I came upon this quote on sentimentality in art, over at The Happiness Project, and it has to go here as a quote for keeping. How about the second paragraph. And The Mill on the Floss. Yes. The first four books within that book might be the slowest thing I’ve ever read, and required a dictionary, but I was up till 2.30 am with the tears raining down my face for the last two books.
is a flaw in a work of art, certainly, but the word is often thrown at
great and overpowering works of art that embarrass critics who live,
emotionally, in St. Ogg’s, though intellectually they have journeyed
south as far as Cambridge. The ending of The Mill on the Floss moves
me to tears, though I am not an easy weeper. It is not the immediate
pathos of the death of Maggie and Tom that thus affects me: it is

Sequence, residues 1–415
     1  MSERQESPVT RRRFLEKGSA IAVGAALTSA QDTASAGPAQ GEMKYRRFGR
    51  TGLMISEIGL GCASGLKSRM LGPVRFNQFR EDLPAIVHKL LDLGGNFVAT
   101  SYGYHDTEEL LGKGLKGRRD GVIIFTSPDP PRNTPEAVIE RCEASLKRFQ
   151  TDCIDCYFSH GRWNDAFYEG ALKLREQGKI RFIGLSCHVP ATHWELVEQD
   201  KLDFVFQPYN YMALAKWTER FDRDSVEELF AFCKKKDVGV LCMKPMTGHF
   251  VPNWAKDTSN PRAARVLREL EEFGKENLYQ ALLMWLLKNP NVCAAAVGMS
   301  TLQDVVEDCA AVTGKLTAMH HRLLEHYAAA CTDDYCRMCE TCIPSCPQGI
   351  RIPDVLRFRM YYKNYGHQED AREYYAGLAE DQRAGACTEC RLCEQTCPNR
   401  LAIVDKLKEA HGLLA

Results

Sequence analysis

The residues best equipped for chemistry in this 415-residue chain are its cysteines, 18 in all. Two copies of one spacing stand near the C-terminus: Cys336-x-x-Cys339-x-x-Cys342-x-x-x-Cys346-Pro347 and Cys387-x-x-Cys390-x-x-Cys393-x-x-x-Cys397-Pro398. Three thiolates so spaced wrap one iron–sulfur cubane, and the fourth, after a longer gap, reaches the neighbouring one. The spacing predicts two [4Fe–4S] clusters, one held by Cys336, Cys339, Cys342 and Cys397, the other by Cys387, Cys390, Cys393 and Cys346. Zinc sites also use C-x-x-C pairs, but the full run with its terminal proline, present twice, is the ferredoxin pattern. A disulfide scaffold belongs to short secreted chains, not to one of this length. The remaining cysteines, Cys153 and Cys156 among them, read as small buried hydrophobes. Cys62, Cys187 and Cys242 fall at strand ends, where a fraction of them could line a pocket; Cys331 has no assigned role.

rather that a genuine completion of human involvement has been attained,
but attained only through Death. A happiness beyond mere delight has
been experienced – a happiness as blasting and destroying as an
encounter with the gods.
To my mind, this is anything but sentimental. People who prate of
sentimentality are very often people who hate being made to feel, and
who hate anything that cannot be intellectually manipulated. But the
purgation through pity and terror which is said to be the effect of
tragedy is not the only kind of purgation that art can bring. The
tempest in the heart that great novels can evoke is rarely tragic in the
strict sense, but it is an arousal of feelings of wonder at the
strangeness of life, and desolation at the implacability of life, and
dread of the capriciousness of life, which for a few minutes overwhelms
all our calculations and certainties and leaves us naked in a turmoil
from which cleverness cannot save us.
–Robertson Davies, “Phantasmagoria and Dream Grotto,” One Half of Robertson Davies